Yellow tea is produced by allowing damp tea leaves to dry naturally. It has a distinctive aroma, similar to Red Tea, but its flavor is closer to Green Tea and White Tea. Yellow tea is also used to describe the high-quality tea which is served to the emperor, as yellow is the traditional imperial color. Junshan Yinzhen is produced in China’s Hunan province and is the country’s most popular yellow tea.

Although an extremely rare tea, Yellow Tea’s health benefits are famous in tea circles. Although not nearly as studied as Green Tea Yellow Tea is more beneficial. Hopefully with the increase of interest, Yellow Tea will become more available in the future. Some of it’s benefits are still being debated, so please do some research if you want to use Yellow Tea for medicinal purposes. The reality is one cup of tea a day will not give you all and you can drink up to ten cups a day, but then you may want to consider taking a supplement instead (it would keep you out of the bathroom). Learn more about Chinese Tea.

Yellow Tea Antioxidants | Cancer Prevention | Lowering Blood Pressure | Heart Health | Lowering Cholesterol

Tea is the national drink in China. In addition to its prominence in 1351292420_ddf2a3a111Chinese culture, tea also boasts many health benefits.

Red tea is the second largest category of Chinese tea. It is made from new shoots of tea leaves which are wilted, rolled, fermented, and dried. The resulting infusion yields a lovely red color and a subtle aromatic fragrance.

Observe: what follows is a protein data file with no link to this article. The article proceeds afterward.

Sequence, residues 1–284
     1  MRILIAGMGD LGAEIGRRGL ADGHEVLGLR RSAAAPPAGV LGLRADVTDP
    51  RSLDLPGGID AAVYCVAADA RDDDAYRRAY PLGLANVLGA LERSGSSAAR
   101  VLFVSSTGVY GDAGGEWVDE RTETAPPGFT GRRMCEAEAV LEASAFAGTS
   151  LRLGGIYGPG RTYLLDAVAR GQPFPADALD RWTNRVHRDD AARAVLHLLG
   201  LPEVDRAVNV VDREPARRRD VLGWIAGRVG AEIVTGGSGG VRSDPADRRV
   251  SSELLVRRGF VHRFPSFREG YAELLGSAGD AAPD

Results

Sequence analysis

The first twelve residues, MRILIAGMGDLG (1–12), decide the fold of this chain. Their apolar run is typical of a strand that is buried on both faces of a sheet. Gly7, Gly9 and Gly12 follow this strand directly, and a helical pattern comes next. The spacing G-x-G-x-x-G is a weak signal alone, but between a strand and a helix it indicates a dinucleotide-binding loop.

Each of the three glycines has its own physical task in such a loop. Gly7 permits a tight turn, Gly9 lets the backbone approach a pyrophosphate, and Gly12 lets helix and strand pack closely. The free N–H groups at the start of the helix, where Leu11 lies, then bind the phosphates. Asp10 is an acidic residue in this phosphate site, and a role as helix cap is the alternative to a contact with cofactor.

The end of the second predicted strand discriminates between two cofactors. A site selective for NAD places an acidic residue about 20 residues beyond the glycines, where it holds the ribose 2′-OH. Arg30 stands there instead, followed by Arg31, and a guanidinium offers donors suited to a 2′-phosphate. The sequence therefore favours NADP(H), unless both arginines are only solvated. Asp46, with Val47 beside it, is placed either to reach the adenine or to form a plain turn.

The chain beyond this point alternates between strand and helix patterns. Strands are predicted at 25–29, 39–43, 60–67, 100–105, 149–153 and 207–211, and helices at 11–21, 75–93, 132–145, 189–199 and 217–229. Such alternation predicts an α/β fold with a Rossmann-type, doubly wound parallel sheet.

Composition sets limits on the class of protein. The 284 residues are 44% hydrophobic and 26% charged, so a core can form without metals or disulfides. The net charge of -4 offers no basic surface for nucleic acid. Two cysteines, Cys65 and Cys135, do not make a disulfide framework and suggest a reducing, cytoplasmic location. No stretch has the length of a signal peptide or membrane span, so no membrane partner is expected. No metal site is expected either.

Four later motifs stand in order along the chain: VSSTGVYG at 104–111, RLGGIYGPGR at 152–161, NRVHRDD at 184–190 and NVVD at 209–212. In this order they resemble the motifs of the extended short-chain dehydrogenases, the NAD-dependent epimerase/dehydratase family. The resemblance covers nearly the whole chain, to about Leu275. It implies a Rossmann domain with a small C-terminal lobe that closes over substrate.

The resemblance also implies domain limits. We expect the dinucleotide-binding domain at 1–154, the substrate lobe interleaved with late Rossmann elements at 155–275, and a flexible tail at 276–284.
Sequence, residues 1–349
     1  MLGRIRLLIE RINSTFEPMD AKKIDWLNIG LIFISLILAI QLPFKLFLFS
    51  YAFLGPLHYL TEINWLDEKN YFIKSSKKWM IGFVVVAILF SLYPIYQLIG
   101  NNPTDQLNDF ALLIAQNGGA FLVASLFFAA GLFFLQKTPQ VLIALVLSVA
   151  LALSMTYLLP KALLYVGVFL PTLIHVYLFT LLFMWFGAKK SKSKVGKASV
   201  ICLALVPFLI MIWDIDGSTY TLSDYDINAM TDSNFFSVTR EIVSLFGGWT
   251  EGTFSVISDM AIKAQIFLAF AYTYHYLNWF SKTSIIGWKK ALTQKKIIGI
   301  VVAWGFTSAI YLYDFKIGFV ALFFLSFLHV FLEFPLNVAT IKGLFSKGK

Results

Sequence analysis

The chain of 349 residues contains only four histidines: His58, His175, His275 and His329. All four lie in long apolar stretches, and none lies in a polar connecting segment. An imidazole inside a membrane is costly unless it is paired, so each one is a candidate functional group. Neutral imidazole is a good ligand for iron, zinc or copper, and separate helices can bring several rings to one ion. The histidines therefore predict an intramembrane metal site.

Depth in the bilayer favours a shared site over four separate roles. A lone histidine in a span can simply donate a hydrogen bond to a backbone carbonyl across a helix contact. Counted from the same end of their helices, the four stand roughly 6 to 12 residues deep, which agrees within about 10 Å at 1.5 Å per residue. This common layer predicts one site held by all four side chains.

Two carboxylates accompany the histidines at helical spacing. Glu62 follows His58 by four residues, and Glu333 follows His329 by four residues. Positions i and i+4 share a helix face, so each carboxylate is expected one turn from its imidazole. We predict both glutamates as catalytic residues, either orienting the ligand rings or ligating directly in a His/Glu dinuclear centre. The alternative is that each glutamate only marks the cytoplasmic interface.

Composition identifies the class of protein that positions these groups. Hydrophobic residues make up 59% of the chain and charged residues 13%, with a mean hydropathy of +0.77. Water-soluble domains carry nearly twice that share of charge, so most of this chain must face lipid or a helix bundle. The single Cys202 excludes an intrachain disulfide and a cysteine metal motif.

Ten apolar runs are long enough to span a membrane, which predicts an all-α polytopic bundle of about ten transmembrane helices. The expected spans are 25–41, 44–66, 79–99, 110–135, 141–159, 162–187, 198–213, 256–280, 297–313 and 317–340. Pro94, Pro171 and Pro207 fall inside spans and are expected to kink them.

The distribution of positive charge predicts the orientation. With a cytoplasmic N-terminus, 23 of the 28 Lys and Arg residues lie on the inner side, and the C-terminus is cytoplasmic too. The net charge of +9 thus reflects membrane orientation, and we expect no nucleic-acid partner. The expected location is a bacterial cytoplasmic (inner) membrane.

Until recently scientists thought that the fermentation process reduces the health benefits, but it has been found in recent studies that compounds such as Theaflavins and Thearubigens provide many health benefits thought to exist only in Green Teas. Some of these benefits are still being debated, so please do your own research if you want to use red tea for medicinal purposes. The reality is one cup of tea a day will not give you all and you can drink up to ten cups a day, but in that case you may want to consider taking a Red Tea supplement instead (it would keep you out of the bathroom). Learn more about Chinese Tea.

Heart Health | Cancer Prevention | Lower Cholesterol | Tooth Health | Digestive Health | Respiratory Health | Prevents Arthritis

Tea is the national drink in China. In addition to its prominencegreen-tea-leaves in Chinese culture, tea also boasts many health benefits.

Chinese green tea is the oldest and most popular type of tea; it has been enjoyed in China for several thousand years. Green tea is made from the new shoots of the tea plant, and the tea leaves are dried and processed according to the type of tea desired.

The techniques of processing green tea are sub-divided into four categories: stir-fried, roasted, sun-dried, and steamed. Traditional green tea has a pale color and a sharp, astringent flavor. It is produced primarily in the provinces of Jiangxi, Anhui, and Zhejiang.

Green tea has some amazing health benefits – benefits that you may not have been aware of. Some of these benefits are still being debated, so please do your own research if you want to use green tea for medicinal purposes. The reality is one cup of tea a day will not give you all and you can drink up to ten cups a day, but then you may want to consider taking a supplement instead (it would keep you out of the bathroom).

Another thing to point out is that there is caffeine in green tea, so if you are sensitive to caffeine then one cup should be your limit. Green tea also contains tannins (which can decrease the absorption of iron and folic acid), so if you are pregnant or trying to conceive then green tea may not be ideal for you. Learn more about Chinese Tea.